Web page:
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Carson College of Business Meet Sam Largent (’97 Acct.)

Meet Sam Largent ('97 Acct.)
Owner, Flatstick Pub

By Tony Thompson • Photos by Josue Schneegans

Sam checking out a potential new location in Tacoma with the seller, his restaurant partner Ethan Stowell, and architect Henry Walters.

Scoping another potential location with commercial real estate broker Angela Oliveri.

Site visit with Walters and potential seller.

Finalizing designs of their newest game with Drew Fletcher of Function Foundry.

Drew’s rendering.

Having a good laugh over the proposed names for the new game.

Overhead shot of the mini golf course at their newest location in South Lake Union.

Ol’ Crimson on display in all its glory.

What is your favorite WSU memory as a student?

Sam Largent
Sam Largent (’97 ACCT.)
More than anything, it was just the friendships I made. The football games—we had several memorable road trips. The Apple Cup in Seattle (’97) was something I’ll never forget. We were at the game in the WSU section and had snuck onto the field before the game was even over. In fact, we were the first ones down there, and my buddies and I had Mike Price on our shoulders carrying him around the field.

What was the most useful business class you took at WSU?

The most useful business class I took at WSU was a business marketing class. I don’t remember the exact number, but it was a 300 level course. The importance of effective marketing really stuck with me after that class, and I apply those lessons even today.

How did the idea for Flatstick come about?

It kind of hit me in this sort of “Aha!” moment when I first saw Rhein Haus (then Von Trapps) on Capitol Hill. I had already been to this place called Smash Putt several times, which was a pop-up mini golf experience a group of artists put together. They would find a warehouse, build a course, include a small bar, and then sell tickets online. So that’s what got me thinking about mini golf at a bar. Right when I walked in, the place was packed, and I thought, “Wow! What if we did something like this with mini golf?” That’s when the Flatstick idea really clicked. Getting people to come in was more of a challenge than I expected. But after a few months in Kirkland, it caught on, and we were just becoming jam-packed on the weekends. That’s when I knew it was going to work.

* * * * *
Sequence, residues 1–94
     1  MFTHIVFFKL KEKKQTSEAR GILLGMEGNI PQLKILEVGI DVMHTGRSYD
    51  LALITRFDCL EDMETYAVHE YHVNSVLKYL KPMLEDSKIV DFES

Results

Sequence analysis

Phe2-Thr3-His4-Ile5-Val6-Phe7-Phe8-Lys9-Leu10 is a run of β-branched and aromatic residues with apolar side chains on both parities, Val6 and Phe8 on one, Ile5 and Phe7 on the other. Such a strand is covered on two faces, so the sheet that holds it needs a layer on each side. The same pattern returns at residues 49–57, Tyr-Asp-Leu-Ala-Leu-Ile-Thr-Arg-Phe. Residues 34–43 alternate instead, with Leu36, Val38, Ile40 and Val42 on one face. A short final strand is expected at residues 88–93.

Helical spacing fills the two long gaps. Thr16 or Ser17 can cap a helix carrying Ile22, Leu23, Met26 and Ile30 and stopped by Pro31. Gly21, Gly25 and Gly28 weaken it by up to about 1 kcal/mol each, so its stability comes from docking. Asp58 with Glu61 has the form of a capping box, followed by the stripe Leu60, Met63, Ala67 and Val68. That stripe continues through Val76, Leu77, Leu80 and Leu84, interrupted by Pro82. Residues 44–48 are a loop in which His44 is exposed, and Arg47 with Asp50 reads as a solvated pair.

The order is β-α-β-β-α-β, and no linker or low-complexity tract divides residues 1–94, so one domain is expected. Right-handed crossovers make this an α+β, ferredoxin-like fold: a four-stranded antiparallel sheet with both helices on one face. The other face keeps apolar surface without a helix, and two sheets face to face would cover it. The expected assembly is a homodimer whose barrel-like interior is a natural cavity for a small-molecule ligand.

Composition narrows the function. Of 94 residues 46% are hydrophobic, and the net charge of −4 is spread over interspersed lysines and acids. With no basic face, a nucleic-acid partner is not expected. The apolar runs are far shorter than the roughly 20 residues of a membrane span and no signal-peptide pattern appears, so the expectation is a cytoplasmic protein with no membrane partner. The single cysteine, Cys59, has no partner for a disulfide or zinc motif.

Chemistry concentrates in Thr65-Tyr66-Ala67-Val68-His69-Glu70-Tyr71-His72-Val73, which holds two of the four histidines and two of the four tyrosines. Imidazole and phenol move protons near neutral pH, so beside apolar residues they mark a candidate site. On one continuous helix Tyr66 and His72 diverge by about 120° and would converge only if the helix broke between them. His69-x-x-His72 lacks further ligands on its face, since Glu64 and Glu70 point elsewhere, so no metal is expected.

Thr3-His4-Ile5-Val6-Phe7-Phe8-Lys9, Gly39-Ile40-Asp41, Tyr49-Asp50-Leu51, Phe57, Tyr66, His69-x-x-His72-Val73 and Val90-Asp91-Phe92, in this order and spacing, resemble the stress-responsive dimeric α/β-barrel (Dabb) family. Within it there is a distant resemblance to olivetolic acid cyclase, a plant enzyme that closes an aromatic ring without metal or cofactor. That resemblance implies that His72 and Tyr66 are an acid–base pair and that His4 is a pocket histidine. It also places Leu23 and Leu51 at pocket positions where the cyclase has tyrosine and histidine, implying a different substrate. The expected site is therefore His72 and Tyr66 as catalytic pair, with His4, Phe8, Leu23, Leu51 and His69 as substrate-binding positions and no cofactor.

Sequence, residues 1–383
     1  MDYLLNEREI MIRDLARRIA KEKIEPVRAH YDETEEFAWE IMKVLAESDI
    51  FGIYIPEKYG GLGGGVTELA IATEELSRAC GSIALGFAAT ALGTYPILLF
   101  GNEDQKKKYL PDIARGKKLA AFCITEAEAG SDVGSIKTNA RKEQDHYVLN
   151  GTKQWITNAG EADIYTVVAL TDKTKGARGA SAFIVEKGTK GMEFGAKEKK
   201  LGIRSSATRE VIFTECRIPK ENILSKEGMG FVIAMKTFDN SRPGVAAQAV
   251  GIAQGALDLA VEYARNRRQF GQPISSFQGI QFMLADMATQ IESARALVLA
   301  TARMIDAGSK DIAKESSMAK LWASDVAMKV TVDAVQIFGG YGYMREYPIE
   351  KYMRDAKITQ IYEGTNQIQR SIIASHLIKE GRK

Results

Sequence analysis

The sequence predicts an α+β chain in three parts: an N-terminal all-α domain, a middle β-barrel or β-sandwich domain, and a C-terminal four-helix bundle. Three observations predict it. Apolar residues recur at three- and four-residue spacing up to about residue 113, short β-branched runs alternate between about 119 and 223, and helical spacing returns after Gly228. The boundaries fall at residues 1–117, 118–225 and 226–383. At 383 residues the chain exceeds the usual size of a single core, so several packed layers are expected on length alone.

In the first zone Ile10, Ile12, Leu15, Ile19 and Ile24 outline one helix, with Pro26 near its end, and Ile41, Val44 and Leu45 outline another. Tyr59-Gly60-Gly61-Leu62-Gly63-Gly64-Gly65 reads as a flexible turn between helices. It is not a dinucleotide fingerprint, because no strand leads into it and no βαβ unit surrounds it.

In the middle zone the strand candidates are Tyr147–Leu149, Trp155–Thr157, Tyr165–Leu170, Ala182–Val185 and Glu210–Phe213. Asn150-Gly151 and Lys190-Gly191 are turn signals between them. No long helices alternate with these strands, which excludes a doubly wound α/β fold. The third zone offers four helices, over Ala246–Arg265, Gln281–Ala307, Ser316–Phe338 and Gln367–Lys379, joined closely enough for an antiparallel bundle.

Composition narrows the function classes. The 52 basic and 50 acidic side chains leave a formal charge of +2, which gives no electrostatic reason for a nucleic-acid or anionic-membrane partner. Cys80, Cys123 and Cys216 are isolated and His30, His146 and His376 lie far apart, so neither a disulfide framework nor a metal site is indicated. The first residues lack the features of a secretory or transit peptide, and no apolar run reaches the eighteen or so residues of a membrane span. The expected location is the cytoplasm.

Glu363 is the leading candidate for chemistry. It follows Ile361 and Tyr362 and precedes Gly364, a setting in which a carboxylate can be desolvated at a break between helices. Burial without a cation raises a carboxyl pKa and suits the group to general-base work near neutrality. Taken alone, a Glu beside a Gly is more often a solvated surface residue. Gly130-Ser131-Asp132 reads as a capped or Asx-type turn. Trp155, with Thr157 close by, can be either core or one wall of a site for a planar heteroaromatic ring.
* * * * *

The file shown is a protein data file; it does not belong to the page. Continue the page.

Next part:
Best part of your job? Worst part of your job?

Flexibility and being able to control my schedule is a big thing. Just being able to be creative and make fun things that I like to do. Flatstick is kind of modeled after a place that I would want to go to. All the friendships with customers and staff are great, but working with Andy has been awesome. That’s one of my favorite aspects of this job. Least favorite stuff—anytime you have to make a decision to let someone go or disappoint them, that’s always tough.

If you could look back at the newly-graduated Sam Largent, what advice would you give him?

Try to soak up as much as you can from people who are knowledgeable in areas that you’re not. Talk business, learn as much as you can about the financial side of it. For me, having that accounting background was really beneficial in getting into this business. If you want to get into business, try to understand what people like and need. Figure out what’s not out there or ways that you can do something better than what is already out there. And try to find a good partner.

What advice would you give to someone that’s starting a business with a sibling?

Everyone warned me to not do it. But it’s been great. My brother Andy was the only person I could find that was willing to invest money in it. He took out a personal loan from a bank with a huge interest rate, and it turned out to be one of the best decisions he’s ever made. It’s important to have someone you can trust. For me, it’s never been an issue. Andy and I work great together. It’s important that you have someone you can depend on who is smart and understands what you’re trying to do. So you have to be careful who you’re getting into business with and make sure you can get along.

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